Written by Mark Connelly.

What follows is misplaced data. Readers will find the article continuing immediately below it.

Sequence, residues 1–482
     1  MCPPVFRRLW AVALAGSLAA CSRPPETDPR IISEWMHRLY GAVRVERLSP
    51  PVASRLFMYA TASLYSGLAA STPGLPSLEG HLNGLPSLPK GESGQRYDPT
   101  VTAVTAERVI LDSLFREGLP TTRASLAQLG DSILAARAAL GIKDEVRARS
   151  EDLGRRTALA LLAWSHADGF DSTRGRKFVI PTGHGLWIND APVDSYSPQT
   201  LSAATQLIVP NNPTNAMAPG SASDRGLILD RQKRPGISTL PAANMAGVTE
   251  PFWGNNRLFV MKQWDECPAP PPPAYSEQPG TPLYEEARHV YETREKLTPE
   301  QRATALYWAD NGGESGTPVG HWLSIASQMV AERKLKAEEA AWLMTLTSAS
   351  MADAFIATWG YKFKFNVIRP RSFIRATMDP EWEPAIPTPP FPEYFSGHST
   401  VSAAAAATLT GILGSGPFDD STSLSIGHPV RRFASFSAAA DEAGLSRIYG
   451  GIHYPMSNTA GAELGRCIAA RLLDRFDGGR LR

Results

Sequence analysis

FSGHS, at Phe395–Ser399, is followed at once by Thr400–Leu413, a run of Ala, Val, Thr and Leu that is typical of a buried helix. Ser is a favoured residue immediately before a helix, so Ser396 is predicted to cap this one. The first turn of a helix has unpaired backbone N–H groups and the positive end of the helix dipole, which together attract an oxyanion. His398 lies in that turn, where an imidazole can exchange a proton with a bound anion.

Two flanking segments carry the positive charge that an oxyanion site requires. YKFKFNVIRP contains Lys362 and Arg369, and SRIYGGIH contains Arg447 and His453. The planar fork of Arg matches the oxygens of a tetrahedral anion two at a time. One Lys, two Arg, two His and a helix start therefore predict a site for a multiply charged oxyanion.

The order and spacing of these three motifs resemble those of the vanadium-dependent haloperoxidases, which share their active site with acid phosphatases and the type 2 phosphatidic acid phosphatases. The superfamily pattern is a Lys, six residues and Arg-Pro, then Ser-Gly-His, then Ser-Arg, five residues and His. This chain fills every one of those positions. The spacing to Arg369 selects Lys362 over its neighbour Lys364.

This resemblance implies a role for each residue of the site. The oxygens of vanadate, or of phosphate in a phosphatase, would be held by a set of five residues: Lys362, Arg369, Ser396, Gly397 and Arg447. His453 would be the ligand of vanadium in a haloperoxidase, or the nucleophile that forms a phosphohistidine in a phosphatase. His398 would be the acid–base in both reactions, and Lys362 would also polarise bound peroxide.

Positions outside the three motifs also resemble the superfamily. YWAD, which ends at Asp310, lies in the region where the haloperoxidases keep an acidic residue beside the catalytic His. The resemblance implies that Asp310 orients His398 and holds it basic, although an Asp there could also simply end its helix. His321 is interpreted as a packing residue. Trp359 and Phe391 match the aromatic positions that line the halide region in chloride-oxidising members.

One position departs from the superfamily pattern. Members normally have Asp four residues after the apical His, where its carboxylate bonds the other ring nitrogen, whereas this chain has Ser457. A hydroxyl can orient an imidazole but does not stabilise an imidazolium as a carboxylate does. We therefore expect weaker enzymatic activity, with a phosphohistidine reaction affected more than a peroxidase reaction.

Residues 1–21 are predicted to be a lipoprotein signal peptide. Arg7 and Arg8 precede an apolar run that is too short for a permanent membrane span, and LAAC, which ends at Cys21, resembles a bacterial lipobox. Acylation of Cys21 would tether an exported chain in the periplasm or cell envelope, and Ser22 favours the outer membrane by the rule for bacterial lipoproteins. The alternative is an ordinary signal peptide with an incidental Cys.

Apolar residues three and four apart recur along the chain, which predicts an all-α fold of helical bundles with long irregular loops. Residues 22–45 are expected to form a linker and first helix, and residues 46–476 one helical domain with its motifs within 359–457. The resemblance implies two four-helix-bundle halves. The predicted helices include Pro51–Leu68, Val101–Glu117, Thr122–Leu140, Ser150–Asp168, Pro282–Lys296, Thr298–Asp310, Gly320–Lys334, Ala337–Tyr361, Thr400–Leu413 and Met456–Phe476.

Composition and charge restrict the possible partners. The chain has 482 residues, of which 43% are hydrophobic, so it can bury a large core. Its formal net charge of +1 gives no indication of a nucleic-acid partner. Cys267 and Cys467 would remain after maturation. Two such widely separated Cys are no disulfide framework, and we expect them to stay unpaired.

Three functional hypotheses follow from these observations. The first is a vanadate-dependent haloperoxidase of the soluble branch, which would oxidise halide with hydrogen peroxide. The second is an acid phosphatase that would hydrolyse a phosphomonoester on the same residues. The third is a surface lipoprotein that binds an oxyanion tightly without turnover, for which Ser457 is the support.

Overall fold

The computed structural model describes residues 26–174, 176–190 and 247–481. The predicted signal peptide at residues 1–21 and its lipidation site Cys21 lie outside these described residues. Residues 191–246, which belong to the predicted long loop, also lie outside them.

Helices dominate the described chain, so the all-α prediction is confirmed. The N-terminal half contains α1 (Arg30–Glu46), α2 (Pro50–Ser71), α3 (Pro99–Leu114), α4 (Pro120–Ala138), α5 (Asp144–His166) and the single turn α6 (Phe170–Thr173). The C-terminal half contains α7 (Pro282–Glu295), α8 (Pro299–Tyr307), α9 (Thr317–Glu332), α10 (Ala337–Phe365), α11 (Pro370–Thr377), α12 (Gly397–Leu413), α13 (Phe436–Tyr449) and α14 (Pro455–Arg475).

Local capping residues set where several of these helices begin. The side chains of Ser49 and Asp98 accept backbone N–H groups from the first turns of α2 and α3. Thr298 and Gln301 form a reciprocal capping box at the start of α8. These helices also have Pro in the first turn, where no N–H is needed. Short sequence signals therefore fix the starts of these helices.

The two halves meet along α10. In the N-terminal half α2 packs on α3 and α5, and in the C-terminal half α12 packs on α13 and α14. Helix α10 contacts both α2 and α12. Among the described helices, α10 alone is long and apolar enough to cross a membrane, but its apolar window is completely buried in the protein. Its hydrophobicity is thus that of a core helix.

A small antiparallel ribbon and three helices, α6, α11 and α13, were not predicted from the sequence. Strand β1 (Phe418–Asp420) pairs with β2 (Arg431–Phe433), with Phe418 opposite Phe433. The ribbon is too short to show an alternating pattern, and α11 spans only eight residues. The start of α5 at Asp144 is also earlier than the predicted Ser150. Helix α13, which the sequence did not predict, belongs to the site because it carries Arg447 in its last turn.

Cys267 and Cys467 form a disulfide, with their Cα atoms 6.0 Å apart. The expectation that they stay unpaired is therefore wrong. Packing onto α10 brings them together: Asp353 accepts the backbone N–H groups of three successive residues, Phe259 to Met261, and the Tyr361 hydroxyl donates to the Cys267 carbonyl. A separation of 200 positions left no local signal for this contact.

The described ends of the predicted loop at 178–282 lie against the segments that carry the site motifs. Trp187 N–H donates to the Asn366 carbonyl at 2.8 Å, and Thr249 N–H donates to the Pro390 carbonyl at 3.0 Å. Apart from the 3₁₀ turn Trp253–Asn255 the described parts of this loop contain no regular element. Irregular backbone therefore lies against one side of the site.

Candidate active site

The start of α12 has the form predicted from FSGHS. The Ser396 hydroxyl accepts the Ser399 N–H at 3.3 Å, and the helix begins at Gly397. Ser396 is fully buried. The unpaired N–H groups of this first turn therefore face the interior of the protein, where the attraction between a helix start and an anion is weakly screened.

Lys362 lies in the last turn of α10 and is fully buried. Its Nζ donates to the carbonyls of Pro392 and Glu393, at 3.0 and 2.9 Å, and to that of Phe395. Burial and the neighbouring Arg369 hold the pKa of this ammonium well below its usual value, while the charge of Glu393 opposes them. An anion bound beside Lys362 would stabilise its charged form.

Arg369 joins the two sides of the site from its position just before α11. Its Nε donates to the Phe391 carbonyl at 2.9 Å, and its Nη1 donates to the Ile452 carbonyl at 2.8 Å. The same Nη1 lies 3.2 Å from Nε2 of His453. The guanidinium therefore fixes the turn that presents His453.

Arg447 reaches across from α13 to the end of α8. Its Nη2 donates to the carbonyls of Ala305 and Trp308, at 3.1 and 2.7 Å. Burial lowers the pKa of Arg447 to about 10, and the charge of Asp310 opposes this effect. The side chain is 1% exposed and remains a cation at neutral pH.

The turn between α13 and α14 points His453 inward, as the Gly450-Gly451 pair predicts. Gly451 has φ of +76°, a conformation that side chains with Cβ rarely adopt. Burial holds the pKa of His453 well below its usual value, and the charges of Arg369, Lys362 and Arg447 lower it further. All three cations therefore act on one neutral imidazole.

Silence is absolutely crucial to our remembrance of the Great War. The thousands of sepia images we have of men queuing up to enlist, marching away to war, slogging through mud encumbered with kit, of women and children reading casualties lists pasted to billboards are curiously hypnotic due to their arresting power framed by, and etched into, the sepulchre silence of the tomb. As we know, everyone in the Great War is dead. In fact, the way we perceive it, they were preordained-doomed-dead in 1914 long before the first shots of the armies had been fired. Never such innocence again is synonymous with the crushing weight of silence; the silence of Armistice Day and Remembrance Sunday; the supposed silence of all memory – ‘dad never spoke about the war’ or ‘mum never spoke about dad or how he died’. ‘There we stand, alone in the world, mute before the meaning of the events that befell our generation’, as R.H. Mottram wrote in his article, ‘In Those Two Minutes’.